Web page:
Any questions on doing the reinforcing stitching? Let me know!

What do you think of small, bite-size Sew-Along posts like this? Is it better than doing a lengthy, picture-heavy post, or do you prefer the longer posts? (Or do you not care either way?)

Have an awesome weekend, everyone!

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15 Responses to Crescent Sew-Along #13: How to Reinforce Centre Front

  1. Julie C May 6, 2011 at 6:02 am #

    Thanks! I think during the week shorter post are fine but on a Friday a longer post is better since we all have the weekend to work on our sewing!
    I can’t wait for you to explain how to attach the waistband because I’m kind of stuck! ;)

  2. Lindsay May 6, 2011 at 6:06 am #

    I agree with Julie: I appreciate the shorter posts during the week and would like a longer one on Friday if you can swing it since most of my sewing time is on the weekends. I’m a bit behind so I’m going to use this weekend to catch up. Thanks for the thorough instructions!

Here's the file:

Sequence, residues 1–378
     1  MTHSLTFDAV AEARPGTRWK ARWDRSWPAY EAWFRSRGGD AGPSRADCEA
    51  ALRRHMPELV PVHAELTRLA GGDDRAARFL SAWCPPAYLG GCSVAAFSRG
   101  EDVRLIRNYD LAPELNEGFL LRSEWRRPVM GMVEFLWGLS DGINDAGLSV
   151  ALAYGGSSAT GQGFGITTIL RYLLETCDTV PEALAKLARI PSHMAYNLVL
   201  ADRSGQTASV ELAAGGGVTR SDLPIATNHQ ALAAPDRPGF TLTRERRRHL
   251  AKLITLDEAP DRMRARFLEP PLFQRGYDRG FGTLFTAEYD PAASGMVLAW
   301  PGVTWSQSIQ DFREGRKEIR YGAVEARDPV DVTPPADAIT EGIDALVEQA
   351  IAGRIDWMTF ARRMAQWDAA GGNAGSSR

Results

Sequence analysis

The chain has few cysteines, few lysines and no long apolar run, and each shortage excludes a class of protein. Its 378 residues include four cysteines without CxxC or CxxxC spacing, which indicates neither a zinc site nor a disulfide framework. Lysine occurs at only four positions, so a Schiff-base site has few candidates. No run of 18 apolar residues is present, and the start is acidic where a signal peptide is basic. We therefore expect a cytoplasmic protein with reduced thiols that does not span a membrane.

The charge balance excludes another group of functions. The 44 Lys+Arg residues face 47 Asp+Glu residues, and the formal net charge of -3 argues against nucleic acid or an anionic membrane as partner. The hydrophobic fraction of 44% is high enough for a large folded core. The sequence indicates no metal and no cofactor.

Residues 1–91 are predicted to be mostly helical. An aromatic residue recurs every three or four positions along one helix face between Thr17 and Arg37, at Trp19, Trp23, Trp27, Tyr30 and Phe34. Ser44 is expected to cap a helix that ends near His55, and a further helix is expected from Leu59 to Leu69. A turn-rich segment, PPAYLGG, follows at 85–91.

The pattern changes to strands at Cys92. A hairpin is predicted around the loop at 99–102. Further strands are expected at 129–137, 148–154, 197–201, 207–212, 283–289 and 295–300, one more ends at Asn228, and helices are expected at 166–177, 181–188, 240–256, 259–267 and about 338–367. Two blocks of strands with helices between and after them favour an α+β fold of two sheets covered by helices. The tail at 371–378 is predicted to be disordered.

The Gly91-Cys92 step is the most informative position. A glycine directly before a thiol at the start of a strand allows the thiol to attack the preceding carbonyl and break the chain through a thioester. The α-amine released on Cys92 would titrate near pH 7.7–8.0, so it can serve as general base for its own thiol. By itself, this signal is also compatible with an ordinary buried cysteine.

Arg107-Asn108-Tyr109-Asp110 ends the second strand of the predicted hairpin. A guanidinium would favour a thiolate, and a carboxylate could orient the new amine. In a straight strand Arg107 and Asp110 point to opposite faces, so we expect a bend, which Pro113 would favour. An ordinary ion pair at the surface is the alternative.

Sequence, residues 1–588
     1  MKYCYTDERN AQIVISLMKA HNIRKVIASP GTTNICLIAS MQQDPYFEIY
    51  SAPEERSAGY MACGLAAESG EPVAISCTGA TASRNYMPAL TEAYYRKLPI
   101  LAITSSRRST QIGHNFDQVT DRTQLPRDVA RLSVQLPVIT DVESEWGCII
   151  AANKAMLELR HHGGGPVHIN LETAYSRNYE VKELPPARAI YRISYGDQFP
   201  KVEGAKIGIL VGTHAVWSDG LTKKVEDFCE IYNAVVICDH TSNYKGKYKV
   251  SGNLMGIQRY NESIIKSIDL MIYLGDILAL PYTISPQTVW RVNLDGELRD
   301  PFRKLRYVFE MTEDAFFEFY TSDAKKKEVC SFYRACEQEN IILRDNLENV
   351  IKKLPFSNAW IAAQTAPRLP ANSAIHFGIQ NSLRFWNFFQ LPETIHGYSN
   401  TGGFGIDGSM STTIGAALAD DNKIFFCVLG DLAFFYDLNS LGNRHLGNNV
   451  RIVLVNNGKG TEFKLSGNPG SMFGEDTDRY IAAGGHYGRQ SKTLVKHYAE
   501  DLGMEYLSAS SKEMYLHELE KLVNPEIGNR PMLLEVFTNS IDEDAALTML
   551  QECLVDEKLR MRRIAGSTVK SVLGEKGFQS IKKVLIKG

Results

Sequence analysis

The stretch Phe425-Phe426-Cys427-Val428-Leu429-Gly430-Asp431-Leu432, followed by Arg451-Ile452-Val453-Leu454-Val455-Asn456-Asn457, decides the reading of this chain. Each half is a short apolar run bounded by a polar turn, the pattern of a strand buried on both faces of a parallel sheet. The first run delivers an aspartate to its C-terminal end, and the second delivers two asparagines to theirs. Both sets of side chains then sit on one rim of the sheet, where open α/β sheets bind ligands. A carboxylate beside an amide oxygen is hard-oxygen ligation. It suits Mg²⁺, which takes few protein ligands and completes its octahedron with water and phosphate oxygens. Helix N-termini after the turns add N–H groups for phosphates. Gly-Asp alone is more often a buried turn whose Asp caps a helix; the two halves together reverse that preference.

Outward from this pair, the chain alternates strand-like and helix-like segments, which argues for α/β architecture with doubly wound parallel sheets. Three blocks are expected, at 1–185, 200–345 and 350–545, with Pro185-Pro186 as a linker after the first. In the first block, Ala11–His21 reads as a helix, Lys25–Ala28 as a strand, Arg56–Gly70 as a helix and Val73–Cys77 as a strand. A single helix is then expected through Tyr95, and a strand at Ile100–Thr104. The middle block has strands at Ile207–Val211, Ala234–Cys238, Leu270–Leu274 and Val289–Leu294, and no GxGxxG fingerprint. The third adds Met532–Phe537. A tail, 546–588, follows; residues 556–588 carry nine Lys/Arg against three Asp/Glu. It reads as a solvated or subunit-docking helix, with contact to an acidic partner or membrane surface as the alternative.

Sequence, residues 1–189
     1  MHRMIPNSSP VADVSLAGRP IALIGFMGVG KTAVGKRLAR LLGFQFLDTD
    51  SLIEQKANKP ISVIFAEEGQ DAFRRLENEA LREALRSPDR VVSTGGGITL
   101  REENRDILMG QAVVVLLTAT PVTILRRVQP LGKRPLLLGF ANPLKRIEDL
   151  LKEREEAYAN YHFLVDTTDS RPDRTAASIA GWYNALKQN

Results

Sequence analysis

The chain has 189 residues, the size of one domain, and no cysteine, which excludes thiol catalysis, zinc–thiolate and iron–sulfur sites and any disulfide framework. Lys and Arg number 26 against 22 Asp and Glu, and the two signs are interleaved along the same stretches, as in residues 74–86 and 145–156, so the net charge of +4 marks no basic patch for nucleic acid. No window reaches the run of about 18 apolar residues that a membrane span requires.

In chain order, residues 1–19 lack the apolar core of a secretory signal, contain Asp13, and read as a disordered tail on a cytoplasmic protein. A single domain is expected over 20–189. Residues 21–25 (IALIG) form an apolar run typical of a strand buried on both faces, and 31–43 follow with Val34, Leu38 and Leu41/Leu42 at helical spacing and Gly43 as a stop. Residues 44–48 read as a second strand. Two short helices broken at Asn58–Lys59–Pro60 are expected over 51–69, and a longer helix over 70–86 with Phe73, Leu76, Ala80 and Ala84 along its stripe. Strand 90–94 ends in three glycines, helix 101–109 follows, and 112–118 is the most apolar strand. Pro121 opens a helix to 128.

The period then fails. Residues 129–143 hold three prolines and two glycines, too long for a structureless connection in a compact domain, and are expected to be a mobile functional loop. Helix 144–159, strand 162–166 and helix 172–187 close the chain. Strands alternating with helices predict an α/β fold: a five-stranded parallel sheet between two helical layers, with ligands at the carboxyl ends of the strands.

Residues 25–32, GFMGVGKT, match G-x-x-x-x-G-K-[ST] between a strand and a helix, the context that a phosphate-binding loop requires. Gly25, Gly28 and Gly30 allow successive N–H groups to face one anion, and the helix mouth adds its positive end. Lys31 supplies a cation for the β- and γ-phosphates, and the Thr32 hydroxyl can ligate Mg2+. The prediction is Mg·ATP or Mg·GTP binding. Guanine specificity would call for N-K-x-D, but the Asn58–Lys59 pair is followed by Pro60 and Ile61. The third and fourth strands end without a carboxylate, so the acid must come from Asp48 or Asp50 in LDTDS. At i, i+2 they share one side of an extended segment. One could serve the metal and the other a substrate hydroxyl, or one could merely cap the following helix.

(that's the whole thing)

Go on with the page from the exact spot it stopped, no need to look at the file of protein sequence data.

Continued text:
3. Carlotta Stermaria May 6, 2011 at 6:14 am #

    Nice tip! I’m actually glad the sew-along is not so fast, since I’m currently superbusy and haven’t even cut the interfacing yet (I didn’t make a muslin either, since the sirkt is fitted at the waist only and I’m an exact size 0 in your chart _ I hope it’s OK!), but I understand those asking for a more substantial post on friday.

    By the way, I realized my zipper is actually an invisible one, do you think I should change that? I prefer the look of invisible zippers, but I hope it won’t interfere with my lining!

  4. Lauren R May 6, 2011 at 7:37 am #

    The smaller and longer posts are good, either way. I’m actually “waiting breathlessly” for the next posts! I’m stuck at the step where you attach the facing/zipper piece to the center back. I’ll wait until you post on that. I like the level of detail you are providing in all your posts. It’s very helpful, and I’m learning a lot about the finishing details I can use in other projects, too. Thanks!

  5. lisa May 6, 2011 at 7:55 am #

    i prefer the small posts. you can focus on one thing and learn a little bit each day…it sticks in my mind better than trying to learn a lot all at once :)

  6. Sewingdina May 6, 2011 at 11:43 am #

    I love all these little details. I’m learning so much from you. I will be making up the skirt when the sew-a-long posts have finished so that I can go at my own pace and take everything in as and when you post. Little posts are fine for me and I agree that they are easier to reference for later. If the steps are very small you could post two in one go.